An emotional funeral for compassionately released prisoner and cancer sufferer Vicki Letele was held at her home church in Papatoetoe today.

Letele was diagnosed with terminal stomach cancer eight months ago while she was in prison for fraud. Her plea for compassionate release received national attention after it was taken up by a strong community of those at her church, politicians and media.

Letele (Ngāti Maniapoto/Samoa) won release and was able to spend her final months at home with her family.

She died on Monday surrounded by whānau, at the age of 36.

Vicki Letele's casket is taken out of the church by whanau. Photo / Doug Sherring
Vicki Letele's casket is taken out of the church by whanau. Photo / Doug Sherring

Letele became a devout Christian six years ago, and was heavily involved with Calvary Community Church. The funeral was held at Papatoetoe Seventh Day Adventist Community Church, where Calvary's congregation meets.

The two-hour service was standing-room only, and was attended by many hundreds of people in the large church building, and watching on a TV in the foyer - testament to the impact she had in many people's lives.

Letele's father, Leiataua David Letele, a former chapter president of the Mongrel Mob and now pastoral leader at Calvary, spoke of Vicki's past and the rapid turnaround that occurred in her life once she became a Christian.

"The things that got her in trouble was pre-God ... Now she has God.

"The day Vicki opened the door to her Jesus Christ, she never looked back."

Partner Leah Witehera said: "She took on the homeless, those with mental health issues, and those who had come out of prison."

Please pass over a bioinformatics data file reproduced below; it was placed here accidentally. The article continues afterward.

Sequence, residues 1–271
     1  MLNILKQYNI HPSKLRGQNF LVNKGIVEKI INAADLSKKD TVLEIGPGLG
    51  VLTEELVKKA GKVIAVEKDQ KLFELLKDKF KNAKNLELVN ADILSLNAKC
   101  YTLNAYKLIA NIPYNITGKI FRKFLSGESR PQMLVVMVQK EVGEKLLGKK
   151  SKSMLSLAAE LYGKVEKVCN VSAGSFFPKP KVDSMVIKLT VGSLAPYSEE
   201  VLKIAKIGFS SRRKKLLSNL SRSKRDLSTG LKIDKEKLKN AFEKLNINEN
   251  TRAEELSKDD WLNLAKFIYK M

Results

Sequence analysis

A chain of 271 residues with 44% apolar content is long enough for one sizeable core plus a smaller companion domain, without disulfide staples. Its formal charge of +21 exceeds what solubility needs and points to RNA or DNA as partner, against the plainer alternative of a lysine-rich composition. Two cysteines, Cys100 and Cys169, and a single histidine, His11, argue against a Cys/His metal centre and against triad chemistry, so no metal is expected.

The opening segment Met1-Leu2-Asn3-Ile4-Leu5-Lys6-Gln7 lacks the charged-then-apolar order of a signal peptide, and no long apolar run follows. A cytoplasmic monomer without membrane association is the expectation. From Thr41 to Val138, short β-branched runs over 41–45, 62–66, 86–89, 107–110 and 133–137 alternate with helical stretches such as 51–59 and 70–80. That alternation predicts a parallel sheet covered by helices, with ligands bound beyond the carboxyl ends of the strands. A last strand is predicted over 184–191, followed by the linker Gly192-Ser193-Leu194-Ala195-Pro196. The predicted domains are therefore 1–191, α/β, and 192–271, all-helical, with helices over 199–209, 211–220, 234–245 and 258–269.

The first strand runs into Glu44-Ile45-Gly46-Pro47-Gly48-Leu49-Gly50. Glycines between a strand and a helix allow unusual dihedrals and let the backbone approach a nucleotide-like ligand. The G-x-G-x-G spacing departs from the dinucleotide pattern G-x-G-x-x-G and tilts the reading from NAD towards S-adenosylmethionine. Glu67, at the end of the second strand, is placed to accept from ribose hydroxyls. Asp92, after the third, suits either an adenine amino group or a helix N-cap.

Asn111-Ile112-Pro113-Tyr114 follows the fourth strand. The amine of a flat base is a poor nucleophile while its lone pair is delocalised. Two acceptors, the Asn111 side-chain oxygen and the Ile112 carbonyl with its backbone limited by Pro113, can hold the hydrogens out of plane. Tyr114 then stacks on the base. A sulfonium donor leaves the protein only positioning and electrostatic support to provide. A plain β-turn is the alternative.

Letele preached and led church groups at Calvary, as well as founding Grace Foundation, a "house of hope, family of faith, and home of love" which helped house homeless people - "to empower and assist marginalised members" of the community.

Letele was also a former New Zealand Kiwi Ferns rugby league player.

Her father Leiataua also spoke of the battle to get Vicki out of prison after her diagnosis.

"There was no way we wanted her to stay in there for those five months. She wouldn't have even made her first parole hearing."

Her brother, David "Buttabean" Letele, stepped in to fight for a compassionate release from prison. The media got involved to publicise the case.

"Before you know it we had a huge following calling for justice," he said.

Letele was released last November.

Leiataua said he held Vicki during her final breaths on Monday. She was surrounded by whānau.

The funeral, while a tragic occasion, was filled with joy, laughter and smiles, largely due to Letele's and the congregation's strong Christian faith.

A proud, tearful haka was given outside by many after the funeral, led by brother David, before Letele's body was taken away.

Vicki Ravana Letele is survived by her partner Leah Witehera and their three children.